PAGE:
Why do I cry? Research reveals evolutionary advantage to tears

Why do we cry? According to scientists, it's an evolutionary tool to give humans a leg up in natural selection.
Written by Andrew Nusca, Contributor on

Why do we cry?

After all, humans are the only species that does. (Despite the best intentions of the ASPCA and Sarah McLachlan, their popular TV commercial does not show dogs and cats in tears. It'd be impossible.)

But according to scientists who study evolution, crying has likely evolved to be a tool -- a leg up in natural selection -- to help the species persist.

For sure, tears themselves have a quotidian purpose: they keep our eyes lubricated. But scientists say tears -- the streaming-down-your-cheek, no-no-I'm-fine ones -- have evolved as a deceptive signal to other humans.

Deceptive, of course, because they immediately reveal our most intimate feelings to others nearby.

With consideration to evolution, that sounds a bit counter-intuitive: why would you want to reveal your vulnerability to another? But scientists say that communicative cue elicits similar feelings from others -- whether happy or sad tears -- and moves them to sympathize.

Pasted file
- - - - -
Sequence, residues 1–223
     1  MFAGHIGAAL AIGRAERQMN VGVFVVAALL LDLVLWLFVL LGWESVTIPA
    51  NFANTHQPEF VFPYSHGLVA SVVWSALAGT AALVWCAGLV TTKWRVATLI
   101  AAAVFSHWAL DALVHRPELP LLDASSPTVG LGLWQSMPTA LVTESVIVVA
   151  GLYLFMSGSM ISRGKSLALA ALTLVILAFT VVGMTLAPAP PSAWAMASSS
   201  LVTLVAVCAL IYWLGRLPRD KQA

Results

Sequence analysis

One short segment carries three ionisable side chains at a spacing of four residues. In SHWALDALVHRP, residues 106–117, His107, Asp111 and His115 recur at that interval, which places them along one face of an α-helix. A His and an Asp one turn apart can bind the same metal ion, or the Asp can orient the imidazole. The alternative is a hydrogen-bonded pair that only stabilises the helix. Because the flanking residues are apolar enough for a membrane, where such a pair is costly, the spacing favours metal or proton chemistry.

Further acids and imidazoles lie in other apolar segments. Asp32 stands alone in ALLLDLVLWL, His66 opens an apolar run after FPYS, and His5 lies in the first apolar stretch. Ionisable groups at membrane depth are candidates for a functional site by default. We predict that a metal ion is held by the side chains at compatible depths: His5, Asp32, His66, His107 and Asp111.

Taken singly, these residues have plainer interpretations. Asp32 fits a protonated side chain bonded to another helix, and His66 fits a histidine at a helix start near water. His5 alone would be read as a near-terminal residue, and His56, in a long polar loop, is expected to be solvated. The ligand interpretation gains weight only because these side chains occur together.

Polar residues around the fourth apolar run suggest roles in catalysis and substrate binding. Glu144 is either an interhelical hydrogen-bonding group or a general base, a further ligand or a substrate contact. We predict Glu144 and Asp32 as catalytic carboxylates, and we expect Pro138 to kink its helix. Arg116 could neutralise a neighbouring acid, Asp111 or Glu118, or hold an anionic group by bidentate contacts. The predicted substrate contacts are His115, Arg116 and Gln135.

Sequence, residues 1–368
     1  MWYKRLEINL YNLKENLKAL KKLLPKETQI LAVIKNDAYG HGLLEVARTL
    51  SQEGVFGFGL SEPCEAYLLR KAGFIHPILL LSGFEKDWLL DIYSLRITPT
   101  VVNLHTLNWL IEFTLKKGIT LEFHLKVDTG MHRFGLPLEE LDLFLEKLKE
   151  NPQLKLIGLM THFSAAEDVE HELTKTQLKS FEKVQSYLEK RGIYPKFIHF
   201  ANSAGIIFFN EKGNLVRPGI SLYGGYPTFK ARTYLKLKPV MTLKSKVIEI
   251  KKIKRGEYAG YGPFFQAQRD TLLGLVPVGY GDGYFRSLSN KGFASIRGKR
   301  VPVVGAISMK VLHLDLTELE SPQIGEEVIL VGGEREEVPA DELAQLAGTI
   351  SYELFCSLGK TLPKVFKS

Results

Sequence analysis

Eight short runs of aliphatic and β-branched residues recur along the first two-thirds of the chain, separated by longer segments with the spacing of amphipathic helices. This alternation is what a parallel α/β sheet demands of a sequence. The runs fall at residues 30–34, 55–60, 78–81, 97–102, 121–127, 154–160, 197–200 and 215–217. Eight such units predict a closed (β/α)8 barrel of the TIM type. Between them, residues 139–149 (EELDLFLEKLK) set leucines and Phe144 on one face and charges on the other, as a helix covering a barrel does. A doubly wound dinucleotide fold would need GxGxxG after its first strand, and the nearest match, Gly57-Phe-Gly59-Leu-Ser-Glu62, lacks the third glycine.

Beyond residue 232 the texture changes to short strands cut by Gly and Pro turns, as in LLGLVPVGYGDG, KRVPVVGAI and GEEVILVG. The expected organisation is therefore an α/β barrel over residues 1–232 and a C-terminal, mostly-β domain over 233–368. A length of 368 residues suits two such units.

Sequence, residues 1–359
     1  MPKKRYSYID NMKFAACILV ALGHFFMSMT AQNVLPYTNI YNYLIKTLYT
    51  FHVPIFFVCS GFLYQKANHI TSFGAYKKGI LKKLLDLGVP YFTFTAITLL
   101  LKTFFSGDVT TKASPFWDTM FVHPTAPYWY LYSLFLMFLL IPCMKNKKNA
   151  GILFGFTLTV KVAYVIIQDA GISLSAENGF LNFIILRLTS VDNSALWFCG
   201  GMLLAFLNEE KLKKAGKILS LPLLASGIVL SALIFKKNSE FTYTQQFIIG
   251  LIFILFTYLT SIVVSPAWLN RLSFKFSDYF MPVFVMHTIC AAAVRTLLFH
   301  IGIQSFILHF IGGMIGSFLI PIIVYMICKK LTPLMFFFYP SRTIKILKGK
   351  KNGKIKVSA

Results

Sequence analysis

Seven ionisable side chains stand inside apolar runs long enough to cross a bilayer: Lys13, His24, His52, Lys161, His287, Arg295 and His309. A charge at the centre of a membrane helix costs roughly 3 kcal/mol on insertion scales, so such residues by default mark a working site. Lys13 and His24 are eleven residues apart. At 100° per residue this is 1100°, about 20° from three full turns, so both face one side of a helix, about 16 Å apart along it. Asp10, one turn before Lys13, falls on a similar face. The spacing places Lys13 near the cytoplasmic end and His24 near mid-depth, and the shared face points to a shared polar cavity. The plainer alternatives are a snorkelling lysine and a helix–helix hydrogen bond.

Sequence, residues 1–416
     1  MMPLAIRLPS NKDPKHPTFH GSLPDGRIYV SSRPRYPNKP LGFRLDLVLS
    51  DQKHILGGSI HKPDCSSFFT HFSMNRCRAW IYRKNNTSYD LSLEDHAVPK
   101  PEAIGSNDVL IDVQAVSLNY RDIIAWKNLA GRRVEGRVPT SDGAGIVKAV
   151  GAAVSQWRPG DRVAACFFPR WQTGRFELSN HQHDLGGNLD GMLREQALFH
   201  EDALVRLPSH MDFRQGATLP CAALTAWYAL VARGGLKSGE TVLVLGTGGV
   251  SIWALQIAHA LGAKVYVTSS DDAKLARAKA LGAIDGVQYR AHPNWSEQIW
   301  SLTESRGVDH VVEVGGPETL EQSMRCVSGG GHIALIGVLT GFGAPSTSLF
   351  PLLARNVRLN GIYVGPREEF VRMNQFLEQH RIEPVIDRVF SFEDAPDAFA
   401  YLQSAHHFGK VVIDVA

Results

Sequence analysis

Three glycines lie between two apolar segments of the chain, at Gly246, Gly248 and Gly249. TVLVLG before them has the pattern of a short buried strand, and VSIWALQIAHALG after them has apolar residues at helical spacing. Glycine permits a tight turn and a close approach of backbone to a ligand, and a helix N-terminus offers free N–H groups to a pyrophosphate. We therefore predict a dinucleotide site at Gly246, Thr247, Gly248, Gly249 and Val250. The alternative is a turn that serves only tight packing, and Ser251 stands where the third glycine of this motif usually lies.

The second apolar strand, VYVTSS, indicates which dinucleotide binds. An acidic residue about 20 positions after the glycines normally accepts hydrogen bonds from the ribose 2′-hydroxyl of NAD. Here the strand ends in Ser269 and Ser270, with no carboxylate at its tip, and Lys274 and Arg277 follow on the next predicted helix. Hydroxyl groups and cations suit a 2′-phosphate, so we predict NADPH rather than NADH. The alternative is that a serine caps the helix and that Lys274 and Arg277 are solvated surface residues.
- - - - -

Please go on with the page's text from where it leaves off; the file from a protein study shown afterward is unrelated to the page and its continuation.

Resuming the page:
Scientists call it "theory of mind" -- the unique human ability to attempt to understand the psychological reasons that are causing another person's behavior. It's present in adults, kids and babies alike.

In a great report, NPR elaborates (emphasis mine):

This power of empathy is huge, and it's fundamental to pretty much everything we do, from forming close relationships to living in complex societies. [Belfast University Institute of Cognition and Culture director Jesse] Bering says those of our early ancestors who were most empathic probably thrived because it helped them build strong communities, which in turn gave them protection and support.

Within these communities, Bering says, tears could be powerful tools. They did more than just signal vulnerability — they were perhaps a way of keeping social and reproductive bonds strong. Maybe good criers were survivors.

"Crying seems to elicit compassion and guilt," Bering says, "and that itself may be an evolved mechanism to save relationships in distress."

Tearful crying: an emotional fast lane, effective where conversation may not be.

Fundamentally, crying is a way to get what you want -- that's why babies do it. (Sorry, mothers.) Or, that clever turn of phrase adults use: "The squeaky wheel gets the oil."

It also gets the person protection. It's easier to spare a teary-eyed person punishment.

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